In France there are now over 3,500 biodynamically run estates. It’s a method of cultivation that is rapidly catching on among wine producers, specifically Burgundy and Alsace. There are those who are certified biodynamic, there are also those who dabble in it, or who are experimenting with part of their production.
Alsace, the home of biodynamics, is the best place to see it in action. There Laurence Faller, Marc Kreydenweiss, Jean-Paul Zusslin, Andre Ostertag and the mighty Olivier Humbrecht lead the way. Domaine Zind Humbrecht was already one of the most remarkable in France, the wines benchmarks of their respective terroirs even before adopting biodynamics. For Olivier, a Master of Wine, it was an intellectual search for perfection. His calm, thoughtful, pragmatic demeanour is in direct contrast to the hyper, maverick Marcel Deiss.
In Bordeaux properties include Pavie-Macquin, Ausone, Belair, Canon La Gaffelière, Pavie-Decesse, Valandraud, l’Eglise Clinet, Pontet Canet Palmer, Gombaude-Gillot, Rauzan-Ségla, Latour, La Lagune, Smith Haut-Lafitte, Climens, Haut Bages Liberal. It is believed Pétrus is also biodynamically run.
In Burgundy there’s the magnificent Domaine Leroy, Romanee Conti, Leflaive, Sauzet, Lafon, Trapet, Grivot, Roumier, Morey, Drouhin and Dujac among many more. In Champagne there’s Anselme Selosse. In the Rhone Domaine Marcoux and Chapoutier. In the USA trailblazers include BonnyDoon, Grgitch Hills, Joseph Phelps and De Loach.
NOW THE CRITICS’ CHOICE?
Aubert de Villaine, the aristocratic owner of the world’s greatest wine (C) domaine Romanée Conti, when asked in an interview with Forbes magazine if the philosophies of Steiner influenced him replied: “I’m not really interested in the philosophy of Steiner. I am interested in what Steiner has installed for agriculture, but his philosophy – anthroposophy – it’s a kind of religion… What I look for are the best ways to make the greatest possible wines. We have been organic since 1985, and then I experimented with biodynamics for some time. I realised it was the best way to be as close to the vineyard as possible, and for the vines to be most in harmony with nature.”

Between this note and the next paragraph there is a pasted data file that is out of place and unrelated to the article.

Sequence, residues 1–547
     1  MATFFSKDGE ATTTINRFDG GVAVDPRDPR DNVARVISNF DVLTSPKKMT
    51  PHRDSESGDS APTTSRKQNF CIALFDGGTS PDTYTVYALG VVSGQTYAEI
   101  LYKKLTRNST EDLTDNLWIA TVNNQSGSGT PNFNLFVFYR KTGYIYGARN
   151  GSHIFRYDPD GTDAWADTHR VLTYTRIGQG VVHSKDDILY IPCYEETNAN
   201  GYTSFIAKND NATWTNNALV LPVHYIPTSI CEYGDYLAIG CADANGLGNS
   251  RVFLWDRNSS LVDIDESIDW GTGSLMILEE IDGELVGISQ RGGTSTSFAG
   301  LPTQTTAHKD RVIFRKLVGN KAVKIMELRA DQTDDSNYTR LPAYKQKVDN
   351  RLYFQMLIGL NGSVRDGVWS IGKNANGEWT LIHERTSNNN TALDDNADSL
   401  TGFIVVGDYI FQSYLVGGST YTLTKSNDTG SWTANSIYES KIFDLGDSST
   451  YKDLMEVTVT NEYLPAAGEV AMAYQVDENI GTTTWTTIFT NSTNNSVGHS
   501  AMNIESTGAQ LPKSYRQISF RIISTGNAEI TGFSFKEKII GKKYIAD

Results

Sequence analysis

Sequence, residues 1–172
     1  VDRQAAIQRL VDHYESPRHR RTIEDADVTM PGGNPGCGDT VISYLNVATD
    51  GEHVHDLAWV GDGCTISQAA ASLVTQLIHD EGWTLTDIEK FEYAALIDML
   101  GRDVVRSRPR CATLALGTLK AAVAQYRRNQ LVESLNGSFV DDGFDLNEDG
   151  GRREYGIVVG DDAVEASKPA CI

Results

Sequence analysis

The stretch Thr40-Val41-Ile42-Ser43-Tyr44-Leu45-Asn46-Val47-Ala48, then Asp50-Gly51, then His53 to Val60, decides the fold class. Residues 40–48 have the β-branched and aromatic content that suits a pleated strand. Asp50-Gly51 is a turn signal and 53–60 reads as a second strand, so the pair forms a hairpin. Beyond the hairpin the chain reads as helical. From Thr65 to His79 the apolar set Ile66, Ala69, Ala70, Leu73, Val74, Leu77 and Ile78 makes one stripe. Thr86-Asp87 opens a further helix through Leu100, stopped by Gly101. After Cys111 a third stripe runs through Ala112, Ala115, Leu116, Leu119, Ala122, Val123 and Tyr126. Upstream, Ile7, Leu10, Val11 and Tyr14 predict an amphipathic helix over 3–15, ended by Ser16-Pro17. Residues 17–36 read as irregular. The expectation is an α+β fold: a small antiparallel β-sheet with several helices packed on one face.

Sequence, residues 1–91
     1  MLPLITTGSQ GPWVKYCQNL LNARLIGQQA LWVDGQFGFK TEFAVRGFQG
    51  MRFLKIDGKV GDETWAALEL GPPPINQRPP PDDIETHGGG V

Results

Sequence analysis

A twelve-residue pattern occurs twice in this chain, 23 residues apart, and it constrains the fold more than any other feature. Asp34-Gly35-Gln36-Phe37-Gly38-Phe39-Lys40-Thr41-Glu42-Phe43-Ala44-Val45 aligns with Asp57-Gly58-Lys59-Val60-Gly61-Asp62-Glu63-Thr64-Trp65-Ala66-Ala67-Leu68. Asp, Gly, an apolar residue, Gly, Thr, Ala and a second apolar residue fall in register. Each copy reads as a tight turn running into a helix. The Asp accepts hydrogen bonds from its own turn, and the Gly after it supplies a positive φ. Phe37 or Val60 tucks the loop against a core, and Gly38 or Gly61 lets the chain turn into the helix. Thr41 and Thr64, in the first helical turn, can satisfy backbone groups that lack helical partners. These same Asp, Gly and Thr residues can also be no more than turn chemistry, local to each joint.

Critics acknowledge the high quality of biodynamic wines. Of that there is little dissension. The January 2016 issue of The Journal of Wine Economics analysed 74,000 California wines tasted in Wine Spectator, Wine Advocate and Wine Enthusiast, indicating a 5% increase of certified organic and biodynamic wines over normal wines. Some question whether many of the improvements in vineyard health and wine taste would have happened anyway if organic farming was used without the mysticism or the extra effort associated with biodynamics. Others attribute it to the winemakers superior wine-making skill and fanatical attention to detail.
Biodynamic wines seem to have stronger, clearer, more vibrant tastes. There’s greater definition, there’s more… just more. More character, precision, “floral”, better balance. That balance comes from sugar production in the grapes coinciding with physiological ripeness, resulting in a wine with the correct balance of flavour and alcohol content.
Waterford Distillery is Demeter certified biodynamic.